This story was originally published in the “Utopias” issue of Eye on Design magazine.
Vaporwave is a thoroughly internet-birthed phenomenon unlike any sonic or visual style before it. Taking its name from a play on “vaporware,” the musical genre emerged around 2010 as an eerie amalgam of loungy elevator muzak, television, advertisements, infomercials, and video game samples.
Vaporwave’s visuals were like ghostly, neon-lit dreamscapes of childhood nostalgia: metallic but sweet, like fortified breakfast cereals packaged in saccharine colors and MS Paint aesthetics. Its entire ethos is digitally constructed—a subversion of hypercapitalism dusted with the ashes of Gordon Gekko-like hubris, and its designs have been so aped to have become an established part of our visual lexicon. Take, for example, the cover of electronic musician Macintosh Plus’s 2011 release Floral Shoppe, which is a mix of pixelated computer graphics, a disembodied Grecian bust, Japanese lettering, and sickly sweet pink. It’s since been parodied ad nauseum, with its creator Ramona Andra Xavier rarely referenced by its imitators.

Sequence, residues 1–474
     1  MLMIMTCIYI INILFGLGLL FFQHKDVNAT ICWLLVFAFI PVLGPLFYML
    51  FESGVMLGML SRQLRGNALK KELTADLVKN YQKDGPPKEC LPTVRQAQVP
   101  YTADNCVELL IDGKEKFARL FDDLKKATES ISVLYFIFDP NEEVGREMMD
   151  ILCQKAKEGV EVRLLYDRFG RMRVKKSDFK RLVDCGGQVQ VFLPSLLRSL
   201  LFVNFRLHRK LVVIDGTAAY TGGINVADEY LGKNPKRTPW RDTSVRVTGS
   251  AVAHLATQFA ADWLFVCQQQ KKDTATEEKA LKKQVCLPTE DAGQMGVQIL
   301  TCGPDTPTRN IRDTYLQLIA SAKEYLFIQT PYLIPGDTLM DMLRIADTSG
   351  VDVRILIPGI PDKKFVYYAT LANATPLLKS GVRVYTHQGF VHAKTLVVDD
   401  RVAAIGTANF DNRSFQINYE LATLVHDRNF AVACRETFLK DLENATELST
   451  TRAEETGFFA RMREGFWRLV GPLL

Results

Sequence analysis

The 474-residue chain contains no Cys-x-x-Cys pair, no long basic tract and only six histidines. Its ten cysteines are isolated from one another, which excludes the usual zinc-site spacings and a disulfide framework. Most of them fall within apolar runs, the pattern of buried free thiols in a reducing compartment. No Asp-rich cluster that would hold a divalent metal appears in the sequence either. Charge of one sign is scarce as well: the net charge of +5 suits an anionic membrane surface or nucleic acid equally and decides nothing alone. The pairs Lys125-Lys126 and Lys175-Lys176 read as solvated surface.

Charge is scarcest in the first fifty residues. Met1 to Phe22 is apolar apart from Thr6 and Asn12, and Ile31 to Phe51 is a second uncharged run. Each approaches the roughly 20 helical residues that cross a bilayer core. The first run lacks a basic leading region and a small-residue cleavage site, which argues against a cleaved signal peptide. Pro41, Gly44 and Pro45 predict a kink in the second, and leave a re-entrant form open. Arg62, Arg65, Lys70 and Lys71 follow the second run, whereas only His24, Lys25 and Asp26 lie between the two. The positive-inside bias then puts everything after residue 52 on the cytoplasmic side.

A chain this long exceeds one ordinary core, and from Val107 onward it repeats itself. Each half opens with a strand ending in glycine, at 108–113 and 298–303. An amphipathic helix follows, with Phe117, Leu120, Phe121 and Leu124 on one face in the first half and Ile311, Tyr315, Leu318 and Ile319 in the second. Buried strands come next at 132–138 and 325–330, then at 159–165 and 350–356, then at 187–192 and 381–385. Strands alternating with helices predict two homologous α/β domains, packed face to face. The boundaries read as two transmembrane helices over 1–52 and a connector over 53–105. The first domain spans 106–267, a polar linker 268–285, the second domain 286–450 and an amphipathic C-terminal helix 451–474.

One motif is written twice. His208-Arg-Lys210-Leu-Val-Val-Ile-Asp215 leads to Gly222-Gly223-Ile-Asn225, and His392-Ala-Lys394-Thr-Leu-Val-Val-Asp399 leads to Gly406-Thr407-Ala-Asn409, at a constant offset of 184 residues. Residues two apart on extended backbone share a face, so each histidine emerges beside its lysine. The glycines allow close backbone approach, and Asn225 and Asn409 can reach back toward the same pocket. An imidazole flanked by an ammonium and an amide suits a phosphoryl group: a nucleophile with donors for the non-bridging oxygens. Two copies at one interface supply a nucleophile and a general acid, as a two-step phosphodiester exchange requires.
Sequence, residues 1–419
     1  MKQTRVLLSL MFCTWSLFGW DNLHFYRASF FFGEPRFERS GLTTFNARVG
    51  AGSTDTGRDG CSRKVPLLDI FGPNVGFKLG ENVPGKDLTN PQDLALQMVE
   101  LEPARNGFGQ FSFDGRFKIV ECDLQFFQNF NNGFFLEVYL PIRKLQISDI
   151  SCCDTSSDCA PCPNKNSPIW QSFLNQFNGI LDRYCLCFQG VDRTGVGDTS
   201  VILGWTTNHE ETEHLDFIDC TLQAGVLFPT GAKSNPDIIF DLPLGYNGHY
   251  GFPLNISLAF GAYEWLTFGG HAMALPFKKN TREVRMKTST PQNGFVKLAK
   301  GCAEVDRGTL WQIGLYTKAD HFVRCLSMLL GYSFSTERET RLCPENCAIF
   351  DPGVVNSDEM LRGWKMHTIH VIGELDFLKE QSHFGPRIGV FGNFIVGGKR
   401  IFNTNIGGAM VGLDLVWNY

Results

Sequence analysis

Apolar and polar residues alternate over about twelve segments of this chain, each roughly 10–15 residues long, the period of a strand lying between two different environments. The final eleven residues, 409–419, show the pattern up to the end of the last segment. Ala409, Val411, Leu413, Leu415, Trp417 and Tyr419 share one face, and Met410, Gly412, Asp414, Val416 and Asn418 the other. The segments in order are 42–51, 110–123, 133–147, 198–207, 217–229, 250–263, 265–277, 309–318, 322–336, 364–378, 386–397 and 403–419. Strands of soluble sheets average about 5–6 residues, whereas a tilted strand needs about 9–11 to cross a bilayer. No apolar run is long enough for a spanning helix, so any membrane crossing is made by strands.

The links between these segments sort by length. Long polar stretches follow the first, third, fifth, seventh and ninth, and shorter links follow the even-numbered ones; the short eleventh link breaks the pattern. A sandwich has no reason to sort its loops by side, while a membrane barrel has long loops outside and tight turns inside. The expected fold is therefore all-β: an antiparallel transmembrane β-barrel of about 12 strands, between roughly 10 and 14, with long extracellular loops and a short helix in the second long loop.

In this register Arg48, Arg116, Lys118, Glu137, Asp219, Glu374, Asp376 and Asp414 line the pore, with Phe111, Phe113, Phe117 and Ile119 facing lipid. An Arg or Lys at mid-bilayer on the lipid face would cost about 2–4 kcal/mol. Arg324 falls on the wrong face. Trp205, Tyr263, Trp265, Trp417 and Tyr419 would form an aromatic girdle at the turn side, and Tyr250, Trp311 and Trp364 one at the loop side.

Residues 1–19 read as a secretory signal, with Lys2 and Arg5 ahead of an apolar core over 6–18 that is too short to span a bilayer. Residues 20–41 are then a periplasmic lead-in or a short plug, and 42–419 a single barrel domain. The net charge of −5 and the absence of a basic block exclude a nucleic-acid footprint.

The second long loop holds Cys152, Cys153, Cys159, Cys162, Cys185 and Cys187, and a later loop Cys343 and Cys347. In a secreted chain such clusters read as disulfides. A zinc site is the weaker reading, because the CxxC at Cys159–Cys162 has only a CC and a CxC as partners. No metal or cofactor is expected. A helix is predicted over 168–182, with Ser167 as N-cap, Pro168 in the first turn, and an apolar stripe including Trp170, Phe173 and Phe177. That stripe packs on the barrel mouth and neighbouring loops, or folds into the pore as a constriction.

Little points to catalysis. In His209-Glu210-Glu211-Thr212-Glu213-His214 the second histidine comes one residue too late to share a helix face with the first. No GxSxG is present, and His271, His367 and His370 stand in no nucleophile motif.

Vaporwave designs are like posters that promise the bubble hasn’t burst, thrust in front of the eyes of those who know it definitely has. They sell us a Bitcoin-built time-share utopia we will never be able to afford, and probably wouldn’t want to stay in anyway.
Both sonically and visually, vaporwave relies on looping and fetishizing familiar trash culture motifs (infomercials, retro video games, ’80s and ’90s TV, old-school Word Art) and rendering them queasily unsettling. In his 2016 book, Babbling Corpse: Vaporwave and the Commodification Of Ghosts, author Grafton Tanner explains why the genre makes us so uncomfortable: “Vaporwave is the music of ‘non-times’ and ‘non-places’ because it is skeptical of what consumer culture has done to time and space.” The genre presented a unique critique of the marriage of art and capitalism in a way that’s both earnest but utterly insincere, emerging just after the 2008 global financial crash and, interestingly, at a time when the Muzak corporation went bankrupt.
Vaporwave as we know it really started to accelerate around 2010 and 2011, mostly through Turntable.fm, Soundcloud, and Bandcamp, where the likes of Internet Club (Robin Burnett), Luxury Elite, Infinity Frequencies, Transmuteo (Jonathan Dean), and Ramona Andra Xavier (under numerous aliases, including Macintosh Plus) emerged. Those years also saw two of the touchstones of vaporwave released by Daniel Lopatin/Oneohtrix Point Never (Chuck Person’s Eccojams Vol. 1) and James Ferraro (Far Side Virtual), and both artists’ work has since far transcended the genre.